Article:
A Safe Haven in Central Newark


April 20, 1992|By NEAL R. PEIRCE

Newark, New Jersey. -- Msgr. William Linder has witnessed scorched-earth devastation and human misery since he moved into Newark's Central Ward 29 years ago.

But this graying, soft-spoken Roman Catholic priest turns super-promoter as he escorts a visitor through the spiffy new Pathmark supermarket his New Community Corporation fought for and, against all odds, opened in summer 1990.

''Here's the produce department,'' says Monsignor Linder, passing displays of handsome fruits and vegetables. ''Our surveys show it's the most popular in the entire store.'' And then the fish department -- ''It's second most valued by our customers.''

Father Linder is out to destroy the stereotype that inner-city people viscerally go for soft drinks, junk food and high-fat meats. He also tells a visitor that the supermarket's trade is 20 percent ahead of initial projections: ''We're making a lot of money on this.''

The opening of the Pathmark store freed Central Ward residents from buying groceries at small, high-priced convenience markets, or taking buses or taxis to markets in the suburbs. Surveys show they're saving 38 percent on their grocery bills.

Every supermarket-bereft inner-city neighborhood -- and there are hundreds of them across the nation -- could use a market like this. Indeed, every beleaguered ghetto or barrio could use a New Community Corporation.

Founded by Father Linder right after Newark's 1968 race riots, New Community has become a veritable city within a city, a refuge of decent housing and day care centers, shelters, stores and restaurants, of employment and stability.

New Community gives direct employment to 1,400 Newark residents, has an annual budget of some $100 million and has proven an aggressive borrower (from banks and insurance firms). It earns a lot from the state government for services it runs, but receives few if any foundation grants.

Amazingly, New Community manages to do all these things in a neighborhood still beset by deep poverty, by ravaged public-housing structures, vast empty lots, graffiti, weeds and chicken wire fencing.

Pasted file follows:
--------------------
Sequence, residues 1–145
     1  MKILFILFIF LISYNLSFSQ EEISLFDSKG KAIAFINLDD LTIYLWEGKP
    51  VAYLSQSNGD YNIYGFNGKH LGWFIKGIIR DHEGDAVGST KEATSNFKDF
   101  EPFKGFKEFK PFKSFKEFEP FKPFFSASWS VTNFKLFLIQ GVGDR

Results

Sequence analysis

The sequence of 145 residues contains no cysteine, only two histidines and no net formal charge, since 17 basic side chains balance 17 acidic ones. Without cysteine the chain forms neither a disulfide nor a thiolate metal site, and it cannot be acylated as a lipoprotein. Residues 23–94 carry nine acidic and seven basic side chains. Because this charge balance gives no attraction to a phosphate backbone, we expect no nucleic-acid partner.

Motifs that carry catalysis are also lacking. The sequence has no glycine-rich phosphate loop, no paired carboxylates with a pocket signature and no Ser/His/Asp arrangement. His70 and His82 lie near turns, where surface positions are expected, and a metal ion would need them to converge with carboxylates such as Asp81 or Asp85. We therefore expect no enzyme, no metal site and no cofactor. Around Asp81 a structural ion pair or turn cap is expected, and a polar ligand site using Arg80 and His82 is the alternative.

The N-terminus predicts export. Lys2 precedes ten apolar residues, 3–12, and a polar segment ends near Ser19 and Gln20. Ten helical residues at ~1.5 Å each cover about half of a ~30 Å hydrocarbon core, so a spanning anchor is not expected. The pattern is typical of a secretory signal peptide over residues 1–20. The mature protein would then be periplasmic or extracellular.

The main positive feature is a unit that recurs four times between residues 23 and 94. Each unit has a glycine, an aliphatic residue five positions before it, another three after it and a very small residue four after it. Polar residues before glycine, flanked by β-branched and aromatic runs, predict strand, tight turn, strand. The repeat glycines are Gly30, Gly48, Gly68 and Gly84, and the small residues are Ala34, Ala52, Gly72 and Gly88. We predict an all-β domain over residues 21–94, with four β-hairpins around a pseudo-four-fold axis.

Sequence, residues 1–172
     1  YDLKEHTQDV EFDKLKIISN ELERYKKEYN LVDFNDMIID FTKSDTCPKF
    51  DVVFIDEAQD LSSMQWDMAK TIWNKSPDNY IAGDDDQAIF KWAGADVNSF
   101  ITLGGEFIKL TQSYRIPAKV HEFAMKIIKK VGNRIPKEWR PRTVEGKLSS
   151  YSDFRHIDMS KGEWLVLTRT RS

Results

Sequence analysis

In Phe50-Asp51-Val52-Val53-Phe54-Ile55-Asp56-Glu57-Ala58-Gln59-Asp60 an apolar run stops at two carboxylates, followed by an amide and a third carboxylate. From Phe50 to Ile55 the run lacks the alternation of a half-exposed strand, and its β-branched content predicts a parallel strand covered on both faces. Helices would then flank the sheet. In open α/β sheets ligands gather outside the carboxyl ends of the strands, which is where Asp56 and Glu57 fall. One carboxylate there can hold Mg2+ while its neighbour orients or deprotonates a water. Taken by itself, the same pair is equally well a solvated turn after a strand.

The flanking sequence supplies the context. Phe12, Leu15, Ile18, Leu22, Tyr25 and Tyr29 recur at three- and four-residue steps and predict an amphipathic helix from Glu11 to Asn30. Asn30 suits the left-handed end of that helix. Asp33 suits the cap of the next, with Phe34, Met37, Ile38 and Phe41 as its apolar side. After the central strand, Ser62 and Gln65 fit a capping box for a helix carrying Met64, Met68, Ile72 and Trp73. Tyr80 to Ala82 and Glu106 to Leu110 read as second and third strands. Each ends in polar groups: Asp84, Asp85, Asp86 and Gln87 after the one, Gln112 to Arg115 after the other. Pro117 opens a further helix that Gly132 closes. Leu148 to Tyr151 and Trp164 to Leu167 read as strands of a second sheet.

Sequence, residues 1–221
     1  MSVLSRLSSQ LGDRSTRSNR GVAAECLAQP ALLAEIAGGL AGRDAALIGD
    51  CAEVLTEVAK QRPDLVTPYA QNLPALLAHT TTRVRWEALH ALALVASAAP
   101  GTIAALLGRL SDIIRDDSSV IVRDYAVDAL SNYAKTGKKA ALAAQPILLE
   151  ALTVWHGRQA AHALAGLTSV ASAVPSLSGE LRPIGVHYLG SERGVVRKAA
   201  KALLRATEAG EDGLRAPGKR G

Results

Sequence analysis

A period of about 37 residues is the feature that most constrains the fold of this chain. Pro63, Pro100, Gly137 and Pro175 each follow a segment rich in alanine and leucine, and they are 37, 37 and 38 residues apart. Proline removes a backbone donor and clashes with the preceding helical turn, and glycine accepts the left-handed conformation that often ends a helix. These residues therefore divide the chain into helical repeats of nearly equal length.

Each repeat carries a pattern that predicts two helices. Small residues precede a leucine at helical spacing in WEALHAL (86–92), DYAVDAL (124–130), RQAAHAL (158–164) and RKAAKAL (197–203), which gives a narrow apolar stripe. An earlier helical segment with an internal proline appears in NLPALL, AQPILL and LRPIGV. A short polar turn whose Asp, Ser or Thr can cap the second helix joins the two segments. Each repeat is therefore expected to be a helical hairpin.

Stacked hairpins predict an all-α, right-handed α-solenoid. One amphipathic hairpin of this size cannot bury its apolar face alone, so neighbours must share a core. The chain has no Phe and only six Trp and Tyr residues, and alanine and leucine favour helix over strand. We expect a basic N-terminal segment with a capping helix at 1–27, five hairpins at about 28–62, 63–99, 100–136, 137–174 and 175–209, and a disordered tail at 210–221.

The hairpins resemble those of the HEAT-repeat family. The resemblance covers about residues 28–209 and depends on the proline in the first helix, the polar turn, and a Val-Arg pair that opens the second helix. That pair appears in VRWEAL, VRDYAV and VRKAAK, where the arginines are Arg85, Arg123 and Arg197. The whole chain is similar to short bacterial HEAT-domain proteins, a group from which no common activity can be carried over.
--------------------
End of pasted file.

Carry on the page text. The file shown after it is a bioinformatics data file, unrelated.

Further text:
The secret seems to be continuity of effort and an incessant push for maximum feasible independence from the outside. Monsignor Linder is convinced American society has historically been, and remains, ''anti-black, anti-urban and anti-poor.'' City governments chronically try to bargain favors for votes; state and federal governments instinctively try to dictate conditions of aid.

So while bidding for outside investment (a $7 million loan from Prudential Insurance for the supermarket), New Community has a majority black, neighborhood-controlled board. It concentrates on building financial independence and developing divisions with mutually supportive skills.

New Community's biggest single investment area has been housing. Over two decades, it has built 2,500 units of housing for poor and working-class residents of the Central Ward -- 10 developments, with 6,000 residents in all. The buildings are clean and graffiti-free. New Community is New Jersey's biggest nonprofit housing operation, and one of the country's biggest.

Then there's day care: five Babyland centers (with a sixth soon to come), serving 500 kids including 15 children in a special facility for HIV-infected infants.

Harmony House offers transitional shelter for 102 homeless families who otherwise would be in infamously expensive welfare hotels or out on the street. Each family (generally a woman with children) has to agree to a negotiated plan aimed at self-sufficiency.

A block away, at the New Community Extended Care Facility, the elderly are offered senior day care, and there is Medicaid-funded nursing home care for 180 patients.

New Community also runs a job-training program and job-placement effort that has located 4,000 permanent jobs for Newark residents.

And then there's New Community's link with the ''outside'' world. It is St. Joseph Plaza, a $2.5 million project in the shell of an old Catholic church. In it are New Community's headquarters and finance staff, a quality restaurant, a sandwich shop, a medical clinic, a credit unit and spa.

It is small wonder that, with probably the most impressive achievements of any of America's 2,000-plus community development corporations, the John T. and Catherine D. MacArthur Foundation gave Father Linder one of its famous (''genius'' award) fellowships

One can dismiss Father Linder's work as a marginal incursion into an inner city in which urban rot, disease and crime levels are among the worst in the First World or even the Third.

But for the thousands of Central Ward residents, New Community offers what Monsignor Linder describes as ''a network of care,'' a network that families believe they can call their own.

To help those families and others, Monsignor Linder sees massive new challenges in job training, in creating alternatives to what he regards as the miserably poor and politicized Newark public schools.

The explosive drug culture among youth, says Monsignor Linder, is making the world around New Community ever more violent and fearful: ''We're like a safe haven and need to reach out and influence that world.''

Neal R. Peirce writes a column on state and urban affairs.

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